That pattern is most succinctly described as the unwillingness to match assumptions to reality—the reluctance to bring to military plans an awareness of the uncertainties the future holds. Those uncertainties may be economic, diplomatic, or purely technical. In building weapons and laying plans that ignore the possibility of the unexpected, the nation has produced a military force that is needlessly vulnerable to changes in the situations in which it prepares to fight, and that has undue difficulty adapting to an enemy’s changes in tactics or plans.5 Nothing in the Reagan proposals attempts to correct this pattern, and several of Reagan’s plans would make it worse. That is why four years of “more” may produce American armed forces even worse suited to the real world than are the ones we now possess.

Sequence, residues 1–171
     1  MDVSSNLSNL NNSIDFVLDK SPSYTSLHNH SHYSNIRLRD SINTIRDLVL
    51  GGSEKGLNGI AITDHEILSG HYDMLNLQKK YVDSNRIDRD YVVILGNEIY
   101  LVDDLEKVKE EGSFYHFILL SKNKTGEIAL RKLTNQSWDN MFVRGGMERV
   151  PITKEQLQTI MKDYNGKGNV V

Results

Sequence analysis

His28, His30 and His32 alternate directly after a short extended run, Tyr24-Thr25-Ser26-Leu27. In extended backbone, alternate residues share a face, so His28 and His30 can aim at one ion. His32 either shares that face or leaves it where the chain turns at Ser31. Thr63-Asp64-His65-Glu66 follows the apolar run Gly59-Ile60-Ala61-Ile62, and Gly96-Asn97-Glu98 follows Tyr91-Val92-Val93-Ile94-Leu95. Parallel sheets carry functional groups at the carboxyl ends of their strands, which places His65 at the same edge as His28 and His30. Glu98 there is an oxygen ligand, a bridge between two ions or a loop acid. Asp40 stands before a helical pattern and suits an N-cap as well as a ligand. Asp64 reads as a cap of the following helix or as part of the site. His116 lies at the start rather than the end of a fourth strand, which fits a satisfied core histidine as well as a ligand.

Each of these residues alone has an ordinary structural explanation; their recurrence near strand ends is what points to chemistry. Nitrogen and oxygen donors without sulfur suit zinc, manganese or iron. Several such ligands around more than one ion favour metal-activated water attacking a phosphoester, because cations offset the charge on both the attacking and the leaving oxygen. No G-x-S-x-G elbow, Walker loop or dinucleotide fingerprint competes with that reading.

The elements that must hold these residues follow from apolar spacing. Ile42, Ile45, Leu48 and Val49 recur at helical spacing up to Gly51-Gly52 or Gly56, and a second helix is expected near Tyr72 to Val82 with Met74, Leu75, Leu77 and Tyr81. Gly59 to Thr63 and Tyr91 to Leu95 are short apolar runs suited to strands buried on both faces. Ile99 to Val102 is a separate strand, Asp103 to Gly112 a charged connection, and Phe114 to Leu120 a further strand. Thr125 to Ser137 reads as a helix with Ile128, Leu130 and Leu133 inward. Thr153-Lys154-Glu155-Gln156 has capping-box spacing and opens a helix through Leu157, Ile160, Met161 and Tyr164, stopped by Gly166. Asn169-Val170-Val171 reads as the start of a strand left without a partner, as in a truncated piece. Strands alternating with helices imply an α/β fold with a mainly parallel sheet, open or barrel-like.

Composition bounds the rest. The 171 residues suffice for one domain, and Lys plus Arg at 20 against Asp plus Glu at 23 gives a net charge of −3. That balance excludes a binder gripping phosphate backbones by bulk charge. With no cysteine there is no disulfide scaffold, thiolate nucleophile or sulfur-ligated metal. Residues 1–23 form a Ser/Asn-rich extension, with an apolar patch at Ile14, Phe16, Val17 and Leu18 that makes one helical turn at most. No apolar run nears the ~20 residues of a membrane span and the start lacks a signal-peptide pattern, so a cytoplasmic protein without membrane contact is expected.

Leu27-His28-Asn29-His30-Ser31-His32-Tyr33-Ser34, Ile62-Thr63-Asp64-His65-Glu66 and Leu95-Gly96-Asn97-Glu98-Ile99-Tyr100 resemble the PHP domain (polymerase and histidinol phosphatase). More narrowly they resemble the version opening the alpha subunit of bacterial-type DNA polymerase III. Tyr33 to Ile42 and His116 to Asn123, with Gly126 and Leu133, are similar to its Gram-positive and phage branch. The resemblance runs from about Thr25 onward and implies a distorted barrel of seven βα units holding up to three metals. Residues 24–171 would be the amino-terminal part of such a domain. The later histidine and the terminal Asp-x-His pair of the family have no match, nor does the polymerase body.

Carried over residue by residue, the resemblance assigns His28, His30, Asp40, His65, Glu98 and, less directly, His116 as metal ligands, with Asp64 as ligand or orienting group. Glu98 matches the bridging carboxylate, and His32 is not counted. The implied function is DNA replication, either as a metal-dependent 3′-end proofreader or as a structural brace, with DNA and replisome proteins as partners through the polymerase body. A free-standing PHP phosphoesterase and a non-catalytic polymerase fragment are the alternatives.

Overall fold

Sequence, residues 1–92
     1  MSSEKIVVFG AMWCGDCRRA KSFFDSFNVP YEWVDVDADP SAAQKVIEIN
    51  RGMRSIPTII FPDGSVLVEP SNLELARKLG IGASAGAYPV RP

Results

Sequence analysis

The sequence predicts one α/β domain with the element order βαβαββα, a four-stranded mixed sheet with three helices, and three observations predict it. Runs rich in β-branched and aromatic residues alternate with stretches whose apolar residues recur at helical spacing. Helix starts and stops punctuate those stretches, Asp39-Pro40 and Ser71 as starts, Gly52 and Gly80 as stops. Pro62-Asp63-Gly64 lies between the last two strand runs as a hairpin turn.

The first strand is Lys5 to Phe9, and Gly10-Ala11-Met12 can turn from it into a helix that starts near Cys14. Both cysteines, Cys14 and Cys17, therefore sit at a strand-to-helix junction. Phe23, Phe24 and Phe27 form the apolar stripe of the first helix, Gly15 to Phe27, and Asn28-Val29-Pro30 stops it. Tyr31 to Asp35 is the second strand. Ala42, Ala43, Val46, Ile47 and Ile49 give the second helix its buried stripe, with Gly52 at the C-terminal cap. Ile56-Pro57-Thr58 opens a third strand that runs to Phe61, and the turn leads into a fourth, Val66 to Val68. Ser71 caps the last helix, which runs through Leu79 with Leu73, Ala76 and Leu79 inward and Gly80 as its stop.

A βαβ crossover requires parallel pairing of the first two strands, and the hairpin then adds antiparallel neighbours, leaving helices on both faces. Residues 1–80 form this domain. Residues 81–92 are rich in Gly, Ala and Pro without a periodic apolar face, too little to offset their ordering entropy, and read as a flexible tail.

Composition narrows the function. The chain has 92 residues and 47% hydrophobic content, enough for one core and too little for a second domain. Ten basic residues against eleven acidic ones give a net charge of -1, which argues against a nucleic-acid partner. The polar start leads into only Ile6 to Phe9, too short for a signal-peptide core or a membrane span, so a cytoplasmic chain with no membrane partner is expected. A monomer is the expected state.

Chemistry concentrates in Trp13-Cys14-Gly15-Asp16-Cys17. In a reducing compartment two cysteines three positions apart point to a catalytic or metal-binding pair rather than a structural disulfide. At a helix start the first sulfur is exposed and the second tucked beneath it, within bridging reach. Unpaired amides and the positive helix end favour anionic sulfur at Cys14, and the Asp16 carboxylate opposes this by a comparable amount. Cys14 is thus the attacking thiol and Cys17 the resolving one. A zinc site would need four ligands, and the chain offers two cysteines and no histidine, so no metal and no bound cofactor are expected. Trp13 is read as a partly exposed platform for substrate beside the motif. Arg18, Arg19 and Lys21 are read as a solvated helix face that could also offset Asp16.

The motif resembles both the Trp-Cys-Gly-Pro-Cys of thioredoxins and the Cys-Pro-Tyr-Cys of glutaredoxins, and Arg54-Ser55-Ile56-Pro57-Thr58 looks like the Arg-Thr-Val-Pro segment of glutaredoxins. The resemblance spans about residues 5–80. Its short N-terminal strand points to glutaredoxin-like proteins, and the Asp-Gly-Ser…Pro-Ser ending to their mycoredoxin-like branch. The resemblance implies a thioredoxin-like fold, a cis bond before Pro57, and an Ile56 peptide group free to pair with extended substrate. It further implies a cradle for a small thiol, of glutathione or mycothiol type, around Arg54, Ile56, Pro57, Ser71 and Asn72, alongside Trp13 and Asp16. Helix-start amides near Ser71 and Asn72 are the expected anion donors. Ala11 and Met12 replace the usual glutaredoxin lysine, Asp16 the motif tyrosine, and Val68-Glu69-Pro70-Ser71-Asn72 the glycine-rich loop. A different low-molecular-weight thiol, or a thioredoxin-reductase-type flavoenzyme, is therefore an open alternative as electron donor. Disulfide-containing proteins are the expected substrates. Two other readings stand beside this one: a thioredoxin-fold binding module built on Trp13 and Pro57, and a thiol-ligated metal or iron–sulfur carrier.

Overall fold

The outlines of the destructive pattern were suggested by Vice Admiral Earl B. Fowler, Jr., the commander of the Naval Sea Systems Command, in congressional testimony this spring about the Trident submarine.6 The Trident is an extremely large vessel, longer than the Washington Monument is tall. It is powered by a nuclear generator and is designed to carry nuclear missiles for retaliation against the Soviet Union. In the early Seventies, the Nixon administration approved the Tridents, which each carry twenty-four missiles, as eventual replacements for the Polaris and Poseidon submarines, which each carry sixteen. The forty-one Polaris and Poseidon subs we now have will begin reaching their scheduled retirement ages in the first few years of this decade. Nine Tridents have already been authorized, the first of which was to go into service no later than April 1979.